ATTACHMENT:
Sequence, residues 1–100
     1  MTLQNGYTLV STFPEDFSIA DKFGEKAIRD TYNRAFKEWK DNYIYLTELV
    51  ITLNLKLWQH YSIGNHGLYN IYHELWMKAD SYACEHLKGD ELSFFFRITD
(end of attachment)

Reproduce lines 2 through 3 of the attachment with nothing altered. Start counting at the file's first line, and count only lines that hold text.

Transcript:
     1  MTLQNGYTLV STFPEDFSIA DKFGEKAIRD TYNRAFKEWK DNYIYLTELV
    51  ITLNLKLWQH YSIGNHGLYN IYHELWMKAD SYACEHLKGD ELSFFFRITD